Ariz. debuts voluntary menu-labeling program

PHOENIX Arizona's Department of Health Services this week launched a voluntary menu-labeling program.

The Arizona Smart Choice program allows participating restaurants to label some of their individual items and combinations as "healthy.'' Four chains already have enrolled: Macayo’s Mexican Kitchen, McDonald’s, Outback Steakhouse and Subway.

This voluntary program was developed after a state lawmaker last year proposed mandatory menu labeling. The ADHS said obesity in Arizona has more than doubled since 1990.

“Any restaurant interested in submitting their recipes, or working with us to tweak menu items to meet our nutritional criteria, need only contact ADHS to start the process,” said Margaret Tate, bureau chief of Chronic Disease Prevention and Control for ADHS. “Once a menu item is approved, the restaurant is given Arizona Smart Choice program materials to display at their location.”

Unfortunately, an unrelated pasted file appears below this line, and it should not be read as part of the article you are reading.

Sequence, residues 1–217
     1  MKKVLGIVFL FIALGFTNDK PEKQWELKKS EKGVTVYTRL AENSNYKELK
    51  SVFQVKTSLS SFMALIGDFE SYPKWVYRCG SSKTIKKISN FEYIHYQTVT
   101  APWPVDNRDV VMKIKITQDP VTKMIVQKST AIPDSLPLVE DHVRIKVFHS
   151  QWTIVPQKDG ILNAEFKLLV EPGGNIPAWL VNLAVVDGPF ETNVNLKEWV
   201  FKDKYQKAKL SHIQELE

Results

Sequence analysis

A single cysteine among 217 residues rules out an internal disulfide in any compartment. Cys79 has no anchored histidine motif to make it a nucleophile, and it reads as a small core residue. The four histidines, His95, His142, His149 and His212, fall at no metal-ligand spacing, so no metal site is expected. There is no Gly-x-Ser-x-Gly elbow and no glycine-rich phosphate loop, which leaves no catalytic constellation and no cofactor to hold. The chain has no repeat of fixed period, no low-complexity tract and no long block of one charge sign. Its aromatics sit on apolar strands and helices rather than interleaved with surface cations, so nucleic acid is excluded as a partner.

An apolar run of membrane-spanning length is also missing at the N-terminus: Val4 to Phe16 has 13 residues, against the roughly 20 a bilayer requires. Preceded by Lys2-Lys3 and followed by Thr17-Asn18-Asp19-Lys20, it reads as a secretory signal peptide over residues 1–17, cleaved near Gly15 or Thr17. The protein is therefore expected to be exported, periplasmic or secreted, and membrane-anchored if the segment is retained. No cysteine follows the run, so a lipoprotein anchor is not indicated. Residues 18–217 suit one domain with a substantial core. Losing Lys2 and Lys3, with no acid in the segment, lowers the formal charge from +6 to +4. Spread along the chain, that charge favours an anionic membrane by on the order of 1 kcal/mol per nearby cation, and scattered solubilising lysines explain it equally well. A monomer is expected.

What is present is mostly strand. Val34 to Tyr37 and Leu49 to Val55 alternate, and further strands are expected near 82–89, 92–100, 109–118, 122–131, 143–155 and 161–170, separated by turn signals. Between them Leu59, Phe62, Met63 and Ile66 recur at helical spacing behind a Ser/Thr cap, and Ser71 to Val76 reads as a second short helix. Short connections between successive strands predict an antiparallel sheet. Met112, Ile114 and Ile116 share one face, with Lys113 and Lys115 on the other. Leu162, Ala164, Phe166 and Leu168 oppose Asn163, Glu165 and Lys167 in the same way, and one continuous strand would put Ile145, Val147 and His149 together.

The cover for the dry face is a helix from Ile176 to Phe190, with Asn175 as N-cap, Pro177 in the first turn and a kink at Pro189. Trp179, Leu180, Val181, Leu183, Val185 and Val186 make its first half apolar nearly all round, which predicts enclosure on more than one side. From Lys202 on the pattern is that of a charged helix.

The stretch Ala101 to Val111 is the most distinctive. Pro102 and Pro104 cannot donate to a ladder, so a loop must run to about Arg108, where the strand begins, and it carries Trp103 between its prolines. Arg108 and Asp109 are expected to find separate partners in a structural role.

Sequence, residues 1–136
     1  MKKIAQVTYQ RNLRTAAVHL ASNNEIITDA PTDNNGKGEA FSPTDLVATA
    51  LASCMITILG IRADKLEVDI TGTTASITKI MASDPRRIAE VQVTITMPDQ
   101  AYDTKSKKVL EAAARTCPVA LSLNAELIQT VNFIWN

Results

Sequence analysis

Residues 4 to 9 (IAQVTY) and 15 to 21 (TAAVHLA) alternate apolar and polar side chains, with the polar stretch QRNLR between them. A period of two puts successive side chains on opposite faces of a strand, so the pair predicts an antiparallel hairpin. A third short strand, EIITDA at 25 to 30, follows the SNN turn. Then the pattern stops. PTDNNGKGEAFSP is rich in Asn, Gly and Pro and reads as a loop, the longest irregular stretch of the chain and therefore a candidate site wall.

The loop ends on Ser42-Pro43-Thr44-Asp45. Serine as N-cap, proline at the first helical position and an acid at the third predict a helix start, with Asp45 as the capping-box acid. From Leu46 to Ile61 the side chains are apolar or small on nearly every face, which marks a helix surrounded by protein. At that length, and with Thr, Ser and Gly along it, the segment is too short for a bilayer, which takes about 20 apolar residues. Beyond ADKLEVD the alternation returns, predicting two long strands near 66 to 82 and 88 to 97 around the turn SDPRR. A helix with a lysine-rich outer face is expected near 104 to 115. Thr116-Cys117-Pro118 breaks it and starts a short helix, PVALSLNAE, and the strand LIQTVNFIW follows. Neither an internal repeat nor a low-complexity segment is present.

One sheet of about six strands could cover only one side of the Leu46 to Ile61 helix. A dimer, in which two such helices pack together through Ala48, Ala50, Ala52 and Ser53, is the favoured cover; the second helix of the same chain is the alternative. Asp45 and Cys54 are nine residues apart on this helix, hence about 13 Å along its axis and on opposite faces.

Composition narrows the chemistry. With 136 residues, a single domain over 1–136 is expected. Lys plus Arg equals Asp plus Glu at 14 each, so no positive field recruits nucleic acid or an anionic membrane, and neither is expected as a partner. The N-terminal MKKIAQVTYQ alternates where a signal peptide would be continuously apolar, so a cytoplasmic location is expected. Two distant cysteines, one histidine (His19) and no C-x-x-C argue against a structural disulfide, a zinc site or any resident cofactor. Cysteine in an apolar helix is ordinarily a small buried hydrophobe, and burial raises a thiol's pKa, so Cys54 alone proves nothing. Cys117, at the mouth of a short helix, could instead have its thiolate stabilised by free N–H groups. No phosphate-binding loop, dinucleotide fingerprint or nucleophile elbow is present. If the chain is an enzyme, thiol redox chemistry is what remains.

To qualify for approval, a main dish must have at least two servings of beans, whole grains, fruits or vegetables; no more than 700 calories; no more than 30 percent of total calories from fat; no more than 15 percent of total calories from saturated fat; no more than 0.5 grams of trans fat; and no more than 1,500 milligrams of sodium.

A qualifying side dish must have at least one serving of beans, whole grains, fruits or vegetables; no more than 300 calories; no more than 30 percent of total calories from fat; no more than 15 percent of total calories from saturated fat; no more than 0.5 grams of trans fat; and no more than 650 milligrams of sodium.

The department said there is no fee for restaurants to join the program, but operators will need to pay for nutrient analysis services of their menu items.

For more information, visit www.azsmartchoice.com [2] .